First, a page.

Anything But Labor, Anything But Liberal
I started writing this article and it was all about who you should vote for at the election in a weeks time on the 7th of September. I even created a how to vote card that showed how you should number your candidates if you wanted to vote like me. Not really as arrogant as it sounds considering that every political party in the country is presumptuous enough to do the very same thing. But I have completely rewritten this article because I realized that there was a more pressing matter to discuss than simply how you should number your ballot.
Now this article is about the parlous state of the media and our political system.
I am so sick of the mainstream media. Every time I open a newspaper or turn on the TV I am disgusted with the bias. I am not talking about the bias of News Corporation against Kevin Rudd. Nope, Kevin Rudd deserves as much crap as Rupert Murdoch can heap on him. No I am referring to the fact that if you turn on any television station and pick up any newspaper in the country, you would think that there are only 2 candidates in this election. Kevin Rudd and Tony Abbott. In actual fact there are thousands of candidates in this election, spread out over dozens of political parties. It is so infuriating that these smaller parties get no attention in the election campaign. The parties that do not come from or represent the established political class.
The average voter is being hoodwinked. It is on such a grand scale it borders on conspiracy. The average voter thinks that the important result on the 7th of September is who becomes Prime Minister and nothing could be further from the truth. With Tony Abbott and Kevin Rudd both trying as hard as possible to adopt a small target strategy it really couldn't matter less if this election sees us with a Labor or Liberal Prime Minister. They spend the whole campaign manufacturing fake reasons why they are diametrically opposed to one another. They bang on about how this is the most important election for a generation. Never has so much been at stake they tell us. Yet look at what they actually do rather than what they say. One decides he is going to be a prick to refugees so the other one has to be a bigger one. One doesn't believe in man made global warming so apparently neither does the other. One will get the budget back into surplus so the other has to do it sooner. One-upmanship in political discourse is not being creative about the problems that beset us, it is a race to the bottom. Liberal and Labor are two heads on the same dragon arguing about which one blows the most smoke and it matters very little which dragon head speaks from which side of the House of Representatives.
What actually matters is that some of the good people who are standing for high office at this election actually make it to Parliament where they will have a podium from which to be creative about some of the problems we face in this country and advocate for some of the groups in society that don't get adequate representation in Parliament.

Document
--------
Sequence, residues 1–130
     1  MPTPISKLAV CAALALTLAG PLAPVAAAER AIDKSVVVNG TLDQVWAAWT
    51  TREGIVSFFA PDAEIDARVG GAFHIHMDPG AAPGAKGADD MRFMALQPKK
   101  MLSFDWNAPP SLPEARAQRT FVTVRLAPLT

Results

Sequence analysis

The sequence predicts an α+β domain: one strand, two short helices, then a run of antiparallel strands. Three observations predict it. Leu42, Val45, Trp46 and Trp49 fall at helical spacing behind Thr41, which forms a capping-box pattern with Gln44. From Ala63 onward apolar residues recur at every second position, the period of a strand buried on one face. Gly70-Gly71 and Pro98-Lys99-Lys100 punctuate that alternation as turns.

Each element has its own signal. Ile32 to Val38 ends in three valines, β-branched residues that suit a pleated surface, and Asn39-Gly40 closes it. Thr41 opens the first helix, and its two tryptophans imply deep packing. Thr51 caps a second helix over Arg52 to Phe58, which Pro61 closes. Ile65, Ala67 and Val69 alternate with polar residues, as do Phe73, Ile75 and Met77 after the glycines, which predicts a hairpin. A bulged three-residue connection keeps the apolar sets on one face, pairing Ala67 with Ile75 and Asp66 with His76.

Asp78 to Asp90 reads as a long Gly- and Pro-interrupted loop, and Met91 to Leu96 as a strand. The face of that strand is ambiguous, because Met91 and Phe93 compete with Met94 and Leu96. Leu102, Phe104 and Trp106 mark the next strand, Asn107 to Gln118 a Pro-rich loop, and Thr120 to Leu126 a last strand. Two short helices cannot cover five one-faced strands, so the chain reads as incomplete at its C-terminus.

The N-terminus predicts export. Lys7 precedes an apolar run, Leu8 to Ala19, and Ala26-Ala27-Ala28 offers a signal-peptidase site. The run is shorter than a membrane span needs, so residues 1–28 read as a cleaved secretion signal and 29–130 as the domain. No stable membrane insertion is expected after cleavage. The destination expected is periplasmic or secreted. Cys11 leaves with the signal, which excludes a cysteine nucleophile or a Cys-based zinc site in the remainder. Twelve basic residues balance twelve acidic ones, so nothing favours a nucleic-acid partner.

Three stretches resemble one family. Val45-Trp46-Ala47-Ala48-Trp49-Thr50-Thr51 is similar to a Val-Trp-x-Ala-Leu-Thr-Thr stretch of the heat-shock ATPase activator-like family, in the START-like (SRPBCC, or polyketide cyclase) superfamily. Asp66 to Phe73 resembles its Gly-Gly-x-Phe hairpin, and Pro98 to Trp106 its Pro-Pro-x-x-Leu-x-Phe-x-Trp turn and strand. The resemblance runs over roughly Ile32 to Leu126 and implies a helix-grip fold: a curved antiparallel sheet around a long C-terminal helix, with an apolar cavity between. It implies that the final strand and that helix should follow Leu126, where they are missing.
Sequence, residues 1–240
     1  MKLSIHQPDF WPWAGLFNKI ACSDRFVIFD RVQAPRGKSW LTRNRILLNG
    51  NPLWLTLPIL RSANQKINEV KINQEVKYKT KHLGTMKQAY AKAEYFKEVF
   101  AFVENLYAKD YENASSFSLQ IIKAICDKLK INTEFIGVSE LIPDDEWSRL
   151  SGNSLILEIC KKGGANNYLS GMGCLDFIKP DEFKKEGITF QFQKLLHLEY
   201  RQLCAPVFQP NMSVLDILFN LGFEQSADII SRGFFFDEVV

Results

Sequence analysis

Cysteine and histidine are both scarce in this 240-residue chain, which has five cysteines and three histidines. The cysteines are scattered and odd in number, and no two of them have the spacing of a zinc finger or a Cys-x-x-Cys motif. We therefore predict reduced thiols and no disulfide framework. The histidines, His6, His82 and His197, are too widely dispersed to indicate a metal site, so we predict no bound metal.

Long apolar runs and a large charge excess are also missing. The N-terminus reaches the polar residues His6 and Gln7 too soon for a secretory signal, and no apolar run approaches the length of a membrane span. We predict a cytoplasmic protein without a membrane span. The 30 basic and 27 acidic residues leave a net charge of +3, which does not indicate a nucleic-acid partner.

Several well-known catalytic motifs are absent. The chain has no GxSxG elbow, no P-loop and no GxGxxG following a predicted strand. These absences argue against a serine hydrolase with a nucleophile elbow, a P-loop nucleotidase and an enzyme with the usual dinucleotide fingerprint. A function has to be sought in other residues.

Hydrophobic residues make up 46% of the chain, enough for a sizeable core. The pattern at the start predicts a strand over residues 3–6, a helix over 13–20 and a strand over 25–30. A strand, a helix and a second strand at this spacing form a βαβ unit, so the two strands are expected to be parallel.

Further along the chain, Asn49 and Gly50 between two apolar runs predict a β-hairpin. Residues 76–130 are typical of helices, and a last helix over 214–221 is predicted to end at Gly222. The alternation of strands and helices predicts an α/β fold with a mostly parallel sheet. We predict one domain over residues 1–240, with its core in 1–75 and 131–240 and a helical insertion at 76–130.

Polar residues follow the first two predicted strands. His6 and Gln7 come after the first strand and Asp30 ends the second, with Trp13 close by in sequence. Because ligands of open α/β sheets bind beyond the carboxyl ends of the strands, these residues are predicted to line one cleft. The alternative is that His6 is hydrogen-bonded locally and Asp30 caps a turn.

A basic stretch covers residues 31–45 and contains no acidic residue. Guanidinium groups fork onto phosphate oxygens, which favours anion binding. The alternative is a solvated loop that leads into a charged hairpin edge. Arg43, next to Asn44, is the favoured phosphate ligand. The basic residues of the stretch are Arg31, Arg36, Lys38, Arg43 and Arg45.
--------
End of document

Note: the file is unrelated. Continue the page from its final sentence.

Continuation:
I am not sure whether or not the rest of the country is as mad about the appalling bias of the mainstream media as I am. From the conversations I have with people I know, I would say that the majority of Australians understand very little about how elections work and consequently have very little understanding that this media bias even exists. What I can say is that the majority of Australians know that something is amiss. The vast majority of Australians have an uncomfortable feeling that perhaps something is rotten in the state of Australia. A study commissioned by the Centre for Advancing Journalism at Melbourne University has shown that there is a diminishing level of confidence among Australian voters in the Australian political system. Australians have never had much trust in their politicians and for this trust to be declining even further is not a good omen for things to come. Results of the survey (which you can read here) show that nearly three quarters of Australians reported having little or no confidence in TV and in the Press more broadly. Despite the stated rationale for removing Julia Gillard from office, that supposedly the electorate had stopped listening to Gillard, the survey also shows that little over a third of survey respondents are paying little or no attention to the 2013 election campaign, showing a marked increase in voter malaise compared to previous elections. So nice fail there Kevin Rudd. 58% of respondents said that the quality of political leadership at a federal level was noticeably worse now than it has usually been in the past. Plainly Australians are disenchanted with their politicians.